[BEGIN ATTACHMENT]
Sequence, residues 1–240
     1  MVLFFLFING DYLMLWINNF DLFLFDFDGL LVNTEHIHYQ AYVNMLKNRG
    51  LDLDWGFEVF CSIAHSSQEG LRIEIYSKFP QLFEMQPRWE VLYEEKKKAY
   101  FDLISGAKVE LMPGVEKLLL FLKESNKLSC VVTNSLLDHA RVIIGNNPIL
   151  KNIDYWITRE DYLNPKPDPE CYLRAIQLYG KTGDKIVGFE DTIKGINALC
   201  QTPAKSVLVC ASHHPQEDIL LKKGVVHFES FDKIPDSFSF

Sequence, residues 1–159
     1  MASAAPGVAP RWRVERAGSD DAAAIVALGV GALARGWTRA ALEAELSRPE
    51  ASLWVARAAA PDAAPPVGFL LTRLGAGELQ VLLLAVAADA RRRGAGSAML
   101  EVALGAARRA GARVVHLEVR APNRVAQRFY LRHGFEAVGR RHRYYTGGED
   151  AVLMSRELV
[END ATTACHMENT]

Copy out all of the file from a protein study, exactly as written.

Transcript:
Sequence, residues 1–240
     1  MVLFFLFING DYLMLWINNF DLFLFDFDGL LVNTEHIHYQ AYVNMLKNRG
    51  LDLDWGFEVF CSIAHSSQEG LRIEIYSKFP QLFEMQPRWE VLYEEKKKAY
   101  FDLISGAKVE LMPGVEKLLL FLKESNKLSC VVTNSLLDHA RVIIGNNPIL
   151  KNIDYWITRE DYLNPKPDPE CYLRAIQLYG KTGDKIVGFE DTIKGINALC
   201  QTPAKSVLVC ASHHPQEDIL LKKGVVHFES FDKIPDSFSF

Sequence, residues 1–159
     1  MASAAPGVAP RWRVERAGSD DAAAIVALGV GALARGWTRA ALEAELSRPE
    51  ASLWVARAAA PDAAPPVGFL LTRLGAGELQ VLLLAVAADA RRRGAGSAML
   101  EVALGAARRA GARVVHLEVR APNRVAQRFY LRHGFEAVGR RHRYYTGGED
   151  AVLMSRELV